The Dow Jones Industrial Average (DJINDICES: ^DJI ) has been America's most-watched market index for decades, despite -- or perhaps because -- of its narrow focus on a mere 30 stocks. Where other indices might track 500, or 2,000, or even 5,000 different stocks, the Dow's steady focus on 30 business bellwethers has made it both easier to understand and easier to dismiss as a relic of simpler times. But as long as the Dow remains front and center in every day-to-day market analysis, it and its component companies will remain the most important barometers of American markets.
That's why it's important to understand not only the Dow, but its components as well. What do they do? What do they represent on the Dow, and why do they matter to the American economy? Where have they come from and where might they head in the future? Today we'll dig into the details of Cisco Systems (NASDAQ: CSCO ) to find answers to these questions and more, so that we can understand not just what moves the Dow, but why.
Cisco at a glance
- Founded: Dec. 10, 1984.
- Joined the Dow: June 8, 2009.
- Current Dow weighting: 0.9% (smallest weighting of all Dow components!)
- Replaced: General Motors due to bankruptcy
- Sector represented: Technology (networking and communications equipment)
- Rank (by revenue) among all technology stocks:
- o 1st (Forbes Global 2000, communications equipment)
- o 5th (Financial Times Global 500, tech hardware and equipment, 2012)
- o 12th (Fortune 500, all tech companies)
Cisco is the youngest Dow component, as it's technically a millennial (it won't turn 30 until this December), but it's also one of the fastest-growing. It was born at legendary tech incubator Stanford University, where founders Sandy Lerner and Len Bosack worked on a "Blue Box" that led directly to the creation of the first commercial routers. Routers, which direct traffic all about the Internet, are so important to the Web's effective operation that Cisco's pioneering commercialization turned it into the stock of the dot-com era. From its IPO in 1990 to its peak in early 2000 -- by which point it had actually surpassed Microsoft as the world's most valuable public company -- Cisco's shares gained over 100,000%.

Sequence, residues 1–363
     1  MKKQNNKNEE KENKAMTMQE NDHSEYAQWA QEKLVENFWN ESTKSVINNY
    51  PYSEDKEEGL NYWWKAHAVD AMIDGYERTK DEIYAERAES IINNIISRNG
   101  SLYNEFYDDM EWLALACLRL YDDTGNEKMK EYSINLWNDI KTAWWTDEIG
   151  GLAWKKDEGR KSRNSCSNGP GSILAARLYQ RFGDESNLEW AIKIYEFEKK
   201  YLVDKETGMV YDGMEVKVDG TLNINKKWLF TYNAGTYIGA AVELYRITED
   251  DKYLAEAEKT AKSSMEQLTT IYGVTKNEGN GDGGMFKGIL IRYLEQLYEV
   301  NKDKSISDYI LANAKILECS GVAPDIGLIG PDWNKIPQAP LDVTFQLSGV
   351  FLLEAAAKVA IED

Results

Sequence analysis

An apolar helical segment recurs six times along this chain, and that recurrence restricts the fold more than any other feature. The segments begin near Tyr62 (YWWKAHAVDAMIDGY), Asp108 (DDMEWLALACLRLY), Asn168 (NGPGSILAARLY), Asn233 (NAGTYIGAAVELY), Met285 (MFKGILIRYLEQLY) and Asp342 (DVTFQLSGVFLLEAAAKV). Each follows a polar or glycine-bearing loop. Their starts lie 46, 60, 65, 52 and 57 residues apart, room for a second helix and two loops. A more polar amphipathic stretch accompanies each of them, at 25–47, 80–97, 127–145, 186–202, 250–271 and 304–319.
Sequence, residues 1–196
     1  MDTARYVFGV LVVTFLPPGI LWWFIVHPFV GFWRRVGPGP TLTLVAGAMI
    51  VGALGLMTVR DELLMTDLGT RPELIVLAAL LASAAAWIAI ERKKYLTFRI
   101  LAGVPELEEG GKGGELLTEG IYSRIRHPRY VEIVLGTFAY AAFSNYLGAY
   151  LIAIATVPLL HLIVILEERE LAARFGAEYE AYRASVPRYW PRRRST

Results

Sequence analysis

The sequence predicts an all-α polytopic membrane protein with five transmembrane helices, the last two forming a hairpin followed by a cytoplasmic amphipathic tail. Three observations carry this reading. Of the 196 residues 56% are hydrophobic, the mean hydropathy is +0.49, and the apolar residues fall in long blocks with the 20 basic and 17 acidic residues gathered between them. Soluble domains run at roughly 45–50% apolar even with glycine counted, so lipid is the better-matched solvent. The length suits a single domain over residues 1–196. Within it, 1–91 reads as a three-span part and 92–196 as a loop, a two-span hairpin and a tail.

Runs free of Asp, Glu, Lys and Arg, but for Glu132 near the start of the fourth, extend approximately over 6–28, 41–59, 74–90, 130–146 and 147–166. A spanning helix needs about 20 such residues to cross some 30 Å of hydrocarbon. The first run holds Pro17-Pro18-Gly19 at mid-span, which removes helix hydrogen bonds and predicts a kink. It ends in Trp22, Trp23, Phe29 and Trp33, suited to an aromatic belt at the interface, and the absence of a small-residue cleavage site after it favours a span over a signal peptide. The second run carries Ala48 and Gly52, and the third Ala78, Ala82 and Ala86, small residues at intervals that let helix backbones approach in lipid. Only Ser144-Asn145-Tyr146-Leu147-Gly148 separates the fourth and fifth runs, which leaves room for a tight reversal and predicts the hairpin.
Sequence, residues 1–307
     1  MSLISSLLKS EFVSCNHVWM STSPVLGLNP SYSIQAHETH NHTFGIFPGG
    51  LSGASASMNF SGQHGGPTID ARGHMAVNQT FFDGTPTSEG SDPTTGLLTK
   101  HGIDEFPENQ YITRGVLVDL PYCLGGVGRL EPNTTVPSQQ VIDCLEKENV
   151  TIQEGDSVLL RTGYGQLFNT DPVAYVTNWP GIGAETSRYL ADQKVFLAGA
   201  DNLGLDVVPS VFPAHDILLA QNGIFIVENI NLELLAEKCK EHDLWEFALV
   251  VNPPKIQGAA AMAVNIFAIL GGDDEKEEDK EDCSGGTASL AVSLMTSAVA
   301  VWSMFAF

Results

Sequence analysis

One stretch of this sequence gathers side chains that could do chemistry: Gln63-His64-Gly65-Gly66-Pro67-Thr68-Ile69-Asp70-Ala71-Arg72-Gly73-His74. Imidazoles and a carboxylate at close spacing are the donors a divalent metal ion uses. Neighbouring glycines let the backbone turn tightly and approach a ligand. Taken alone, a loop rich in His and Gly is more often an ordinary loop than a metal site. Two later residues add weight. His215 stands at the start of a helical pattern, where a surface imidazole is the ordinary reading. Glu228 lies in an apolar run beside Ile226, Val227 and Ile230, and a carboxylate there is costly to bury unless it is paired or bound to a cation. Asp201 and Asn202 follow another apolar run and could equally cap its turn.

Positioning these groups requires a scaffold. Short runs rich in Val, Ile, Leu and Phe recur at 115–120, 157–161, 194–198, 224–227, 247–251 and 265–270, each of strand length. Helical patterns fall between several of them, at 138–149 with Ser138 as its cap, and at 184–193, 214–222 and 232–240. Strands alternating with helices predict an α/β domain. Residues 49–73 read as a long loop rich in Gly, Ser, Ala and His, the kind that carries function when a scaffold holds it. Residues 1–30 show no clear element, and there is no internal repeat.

The company itself also grew at a phenomenal rate, from a $14 million net income in 1990 to earnings of $2 billion in 1999. While Cisco's share price has never recovered to the inflated values of the dot-com era, its fundamentals have continued to improve at an impressive rate -- the company's most recent trailing 12-month profit of $7.9 billion was nearly four times as large as the bottom line in its 1999 fiscal year. Cisco owns nearly half of the global router market and over 60% of the Ethernet switch market. The company has also made a concerted push into blade servers, growing to own roughly a quarter of that segment from a negligible presence only five years ago.
Cisco by the numbers
- Ten-year share price growth: 6.1%
- Ten-year dividend growth: 217% (initiated in early 2011)
- Total return (with dividends reinvested): 14.5%
- Average P/E over the past decade: 18.9
- Current P/E discount to average P/E: 11%
- Annualized revenue growth (past five years): 5.5%
- Annualized EPS growth (past five years): 7.1%
- Annualized free cash flow growth (past five years): 5.2%
- Change in profit margins (past five years): (1.8%)
Cisco's growth has slowed down from the blistering pace it once set during the dot-com era, and even from its pre-financial crisis levels. However, the company has been working hard to diversify its product and service offerings away from networking hardware, which are growing increasingly commoditized as innovative competitors roll out both their own hardware and more software-defined networking offerings. Cisco CEO John Chambers has said that both acquisitions and growth in software sales are key to the company's long-term plans, and in 2012 he promised to double Cisco's annual software revenue (then $6 billion) within five years.
Cisco is also betting heavily on the Internet of Things, which makes perfect sense for a company that is already responsible for directing so much of the Internet's traffic. Cisco believes the Internet of Things can generate $19 trillion in new revenue -- $14.4 trillion for private companies and the rest for the public sector -- by 2020, and Chambers himself has boasted that the sector will be "five to 10 times more impactful than the whole Internet has been today." Wall Street's analysts have a more subdued outlook -- on average, they expect Cisco to improve its bottom line by a mere 7.7% annually for the next five years, compared to double-digit growth rates for technology as a whole and 18.4% annually for networking specialists for the next five years.
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